Economy

You can’t get rich – but stay rich

You can’t get rich – but stay rich

If you plan to get rich one
day, you should check your family tree rather than job opportunities. Because
to be a son or daughter of a wealthy family is the only safe way. Scientists agree:
Wealth is inherited. Even more than previously thought. And wealth has been
inherited for centuries. Families who were wealthy in Italy during the 15th
century are still wealthy today! Whoever is born rich, stays rich – without any
effort.

Guglielmo Barone and Sauro Mocetti, two Italian economists, did some
intensive research into the inheritance of wealth. They specifically studied its
distribution and inheritance in the city of Florence since 1427 on behalf of
the Banca D’Italia. Since then, taxes were meticulously recorded in the former
economic power. One of Barone’s and Mocetti’s findings: The wealthiest families
of today all have ancestors, who belonged to the richest families in the 15th
century.

How did Barone and Mocetti work?
They looked at 2011 income data to identify the five highest-earning surnames
in present-day Florence. Subsequently they looked back at 1427 data to find
information about the earnings and occupations with those same five surnames
700 years ago. How have the families managed to keep their economic status for
centuries? Property and network surely are key elements to uphold a family’s
status.

Shared family access to real estate assets, social connections, a common gene pool, and elite educational institutions could allow for a great deal of long-term entrenchment even as a close-up view appeared to show instability as people shift in and out of different fields.

However, not only the top of the pyramid has stayed the same. Families who
used to be in the upper third then, are almost certainly found there today.

And the same applies to low-income families from those days. They are likely
to have the same status today. Neither the industrial revolution, the
introduction of compulsory education nor the development of the welfare state
changed much.

Italy is no exception: there
are the same findings for Sweden…

Barone and Mocetti argue that Florence is no exception: “Florence
does not seem a polar case in terms of economic development and (static and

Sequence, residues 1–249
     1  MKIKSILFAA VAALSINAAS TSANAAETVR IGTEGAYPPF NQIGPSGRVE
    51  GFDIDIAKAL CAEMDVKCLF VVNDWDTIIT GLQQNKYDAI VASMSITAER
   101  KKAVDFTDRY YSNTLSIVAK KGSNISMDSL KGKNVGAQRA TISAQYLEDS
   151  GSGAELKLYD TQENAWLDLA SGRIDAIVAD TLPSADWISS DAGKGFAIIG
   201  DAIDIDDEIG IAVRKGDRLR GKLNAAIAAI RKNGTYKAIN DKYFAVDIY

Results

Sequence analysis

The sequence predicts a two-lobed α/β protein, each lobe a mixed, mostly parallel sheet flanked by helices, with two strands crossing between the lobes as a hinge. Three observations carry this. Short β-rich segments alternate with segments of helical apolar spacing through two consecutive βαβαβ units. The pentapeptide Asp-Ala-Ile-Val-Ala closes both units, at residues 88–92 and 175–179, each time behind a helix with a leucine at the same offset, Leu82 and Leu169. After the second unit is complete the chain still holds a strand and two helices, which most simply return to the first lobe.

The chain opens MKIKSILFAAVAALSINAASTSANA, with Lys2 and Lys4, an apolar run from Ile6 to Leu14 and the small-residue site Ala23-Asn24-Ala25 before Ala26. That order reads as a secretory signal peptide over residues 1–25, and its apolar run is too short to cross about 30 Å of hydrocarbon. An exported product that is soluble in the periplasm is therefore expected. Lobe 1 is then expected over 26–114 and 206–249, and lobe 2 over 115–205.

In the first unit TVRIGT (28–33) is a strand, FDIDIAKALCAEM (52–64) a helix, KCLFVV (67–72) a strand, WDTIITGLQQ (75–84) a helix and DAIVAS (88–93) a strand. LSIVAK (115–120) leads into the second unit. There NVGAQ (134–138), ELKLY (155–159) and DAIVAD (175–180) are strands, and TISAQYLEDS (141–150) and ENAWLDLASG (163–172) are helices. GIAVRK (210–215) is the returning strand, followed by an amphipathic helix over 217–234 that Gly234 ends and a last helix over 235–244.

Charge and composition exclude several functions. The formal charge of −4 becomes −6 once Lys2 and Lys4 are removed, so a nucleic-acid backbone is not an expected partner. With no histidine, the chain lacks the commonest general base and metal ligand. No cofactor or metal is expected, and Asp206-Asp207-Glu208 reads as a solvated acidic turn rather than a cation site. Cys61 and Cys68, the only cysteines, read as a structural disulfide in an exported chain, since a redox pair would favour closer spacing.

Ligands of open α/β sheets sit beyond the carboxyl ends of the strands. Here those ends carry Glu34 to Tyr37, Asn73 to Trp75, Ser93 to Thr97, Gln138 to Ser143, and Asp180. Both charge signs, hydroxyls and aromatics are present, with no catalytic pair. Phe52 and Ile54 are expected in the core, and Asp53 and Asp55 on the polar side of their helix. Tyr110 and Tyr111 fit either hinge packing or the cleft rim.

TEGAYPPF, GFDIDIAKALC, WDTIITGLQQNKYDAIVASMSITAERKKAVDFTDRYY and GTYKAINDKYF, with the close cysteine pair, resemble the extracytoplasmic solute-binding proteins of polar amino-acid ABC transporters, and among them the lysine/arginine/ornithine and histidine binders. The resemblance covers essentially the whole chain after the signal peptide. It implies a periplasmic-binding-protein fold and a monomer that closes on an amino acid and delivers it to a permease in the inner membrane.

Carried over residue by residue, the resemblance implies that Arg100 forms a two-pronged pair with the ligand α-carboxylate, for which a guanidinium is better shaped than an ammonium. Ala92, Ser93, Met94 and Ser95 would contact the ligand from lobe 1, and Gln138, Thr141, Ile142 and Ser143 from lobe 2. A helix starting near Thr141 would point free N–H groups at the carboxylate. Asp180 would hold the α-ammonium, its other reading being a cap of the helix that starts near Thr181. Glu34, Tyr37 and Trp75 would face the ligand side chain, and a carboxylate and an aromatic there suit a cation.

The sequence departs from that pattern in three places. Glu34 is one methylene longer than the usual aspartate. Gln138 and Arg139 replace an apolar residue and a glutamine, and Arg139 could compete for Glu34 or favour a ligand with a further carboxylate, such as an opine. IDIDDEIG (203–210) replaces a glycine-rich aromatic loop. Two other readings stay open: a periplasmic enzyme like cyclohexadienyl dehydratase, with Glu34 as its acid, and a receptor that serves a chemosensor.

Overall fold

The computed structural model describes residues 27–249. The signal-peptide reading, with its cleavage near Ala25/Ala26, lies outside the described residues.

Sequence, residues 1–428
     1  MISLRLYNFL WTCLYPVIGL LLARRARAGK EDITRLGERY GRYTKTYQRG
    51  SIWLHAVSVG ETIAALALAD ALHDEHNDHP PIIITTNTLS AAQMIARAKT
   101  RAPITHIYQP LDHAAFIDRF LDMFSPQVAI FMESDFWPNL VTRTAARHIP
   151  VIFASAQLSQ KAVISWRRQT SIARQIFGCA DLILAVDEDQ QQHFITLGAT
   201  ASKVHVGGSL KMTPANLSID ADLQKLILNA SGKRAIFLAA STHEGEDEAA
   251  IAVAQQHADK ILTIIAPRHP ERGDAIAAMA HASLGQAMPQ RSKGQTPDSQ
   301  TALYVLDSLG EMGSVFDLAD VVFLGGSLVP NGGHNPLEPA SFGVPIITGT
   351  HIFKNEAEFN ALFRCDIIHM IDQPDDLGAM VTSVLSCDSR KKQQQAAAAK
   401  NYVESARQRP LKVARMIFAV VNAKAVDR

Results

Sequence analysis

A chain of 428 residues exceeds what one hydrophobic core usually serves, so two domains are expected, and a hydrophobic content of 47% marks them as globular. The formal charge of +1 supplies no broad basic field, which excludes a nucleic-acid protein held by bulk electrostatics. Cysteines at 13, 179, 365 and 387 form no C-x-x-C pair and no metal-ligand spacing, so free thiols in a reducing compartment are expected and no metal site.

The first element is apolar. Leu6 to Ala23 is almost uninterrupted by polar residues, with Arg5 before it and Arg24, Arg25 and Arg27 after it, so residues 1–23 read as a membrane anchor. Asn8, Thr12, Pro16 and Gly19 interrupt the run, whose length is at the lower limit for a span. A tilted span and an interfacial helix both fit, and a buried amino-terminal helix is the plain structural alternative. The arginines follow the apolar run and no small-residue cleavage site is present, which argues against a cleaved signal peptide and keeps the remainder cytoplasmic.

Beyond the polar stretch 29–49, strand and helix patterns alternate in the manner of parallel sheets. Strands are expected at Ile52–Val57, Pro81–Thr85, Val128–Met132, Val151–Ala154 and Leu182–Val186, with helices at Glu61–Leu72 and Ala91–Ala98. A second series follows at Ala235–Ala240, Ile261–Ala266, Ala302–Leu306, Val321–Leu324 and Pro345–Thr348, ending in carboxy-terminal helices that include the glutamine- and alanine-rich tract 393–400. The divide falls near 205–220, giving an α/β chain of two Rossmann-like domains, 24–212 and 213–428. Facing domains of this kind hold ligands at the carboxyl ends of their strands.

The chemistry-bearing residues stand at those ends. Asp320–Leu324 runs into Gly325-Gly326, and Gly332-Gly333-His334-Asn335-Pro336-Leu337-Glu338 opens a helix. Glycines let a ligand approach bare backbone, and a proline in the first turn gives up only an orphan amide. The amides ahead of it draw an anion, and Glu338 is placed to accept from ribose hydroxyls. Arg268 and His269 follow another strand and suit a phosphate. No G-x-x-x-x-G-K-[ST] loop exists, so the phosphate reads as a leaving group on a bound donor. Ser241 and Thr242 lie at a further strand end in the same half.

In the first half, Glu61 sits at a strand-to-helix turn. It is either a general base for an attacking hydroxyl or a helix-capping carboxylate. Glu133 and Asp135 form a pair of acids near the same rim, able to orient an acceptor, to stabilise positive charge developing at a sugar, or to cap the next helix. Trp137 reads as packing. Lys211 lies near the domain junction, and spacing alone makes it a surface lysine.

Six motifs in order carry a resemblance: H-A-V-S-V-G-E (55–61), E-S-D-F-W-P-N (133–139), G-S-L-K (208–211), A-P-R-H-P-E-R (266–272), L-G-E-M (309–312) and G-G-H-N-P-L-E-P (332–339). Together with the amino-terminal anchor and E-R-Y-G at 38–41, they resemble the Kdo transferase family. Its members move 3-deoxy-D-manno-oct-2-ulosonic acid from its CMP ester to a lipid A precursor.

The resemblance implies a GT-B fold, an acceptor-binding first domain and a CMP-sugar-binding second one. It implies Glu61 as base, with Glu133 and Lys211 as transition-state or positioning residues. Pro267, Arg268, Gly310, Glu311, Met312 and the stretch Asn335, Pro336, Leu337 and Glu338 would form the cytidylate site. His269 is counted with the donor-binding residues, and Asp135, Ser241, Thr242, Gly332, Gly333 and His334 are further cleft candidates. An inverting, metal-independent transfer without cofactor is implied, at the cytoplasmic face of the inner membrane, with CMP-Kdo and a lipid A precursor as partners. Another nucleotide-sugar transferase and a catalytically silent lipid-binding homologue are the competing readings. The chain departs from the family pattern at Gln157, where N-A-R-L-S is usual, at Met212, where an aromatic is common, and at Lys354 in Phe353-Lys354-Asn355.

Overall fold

dynamic) inequality. Hence, we argue that our results can be thoughtfully
extended to other advanced countries of the Western Europe
.”

In a similar study, British economist Gregory Clark studied the development
of incomes in Sweden. When surnames were introduced there in the 16th
century, they were linked to the social status of the carrier. Those who were
noble or wealthy were given the ending “kvist”. Their names were
Lindkvist or Almkvist. In contrast, names of farmers or craftsmen ended in
“son” such as Andersson or Johansson.

Til today, people named -kvist are to be found in Swedens’s elite and
wealthy whereas people with “simple” surnames most likely are not.

… and the UK

Neil Cummins and Gregory Clark studied the recruitment of students by elite
universities such as Oxford and Cambridge. Their findings show that ancestry
plays a role for centuries. The two economists compared students’ names and
their origins since 1170 onwards. They realized that for more than 800 years
the same families have dominated English elite universities.

“Social status is more likely to be inherited than body size”, Cummins
and Clark conclude.

Rich despite social upheavals:
The example of Germany

In Germany, even huge upheavals such as the two World Wars, the end of the
monarchy, National Socialism and the division of Germany had only a small
impact on society’s elite. Hervé Joly, a sociologist, investigated the owners
and board members of the 26 largest industrial groups of the “Third
Reich”. Joly showed that the personal continuities in the business elite maintained
during and after National Socialism. Owners or board members – they kept coming
from the same families.

Wealth is most heavily
inherited in Austria

Another study that shows how wealth is rather inherited than achieved is
the study by Jonathan Wai and David Lincoln. They did some intense research on
Austria and concluded: Anyone who owns more than 30 million US-Dollars in
Austria has inherited their wealth with far greater probability than achieved
it through work.

Only 18 percent of the largest fortune in Austria originated in work and
achievement. 50 percent of the richest were simply born wealthy. This puts
Austria in first place out of 53 countries surveyed: Nowhere else is wealth
inherited to such a degree as in Austria.

To socially rise is more
difficult than you might expect

All this does not mean that social rise is impossible. However, it is much
more difficult to achieve than expected. The dream that “anyone can do it if they
just try hard enough” doesn’t come true.

If you have financial resources, influence and contacts, you have a clear
head start in competition. Only on rare occasions can hard work, intelligence
and luck compensate for a lack of those resources.

According to Barone and Mocetti, there is an “invisible net” that protects
the wealthy from a hard way down. Starting from a prosperous position in
society, social decline is almost impossible for centuries.

Read more:

https://voxeu.org/article/what-s-your-surname-intergenerational-mobility-over-six-centuries

https://www.vox.com/2016/5/18/11691818/barone-mocetti-florence

Source: Kontrast.at / Creative Commons Lizenz CC BY-SA 4.0

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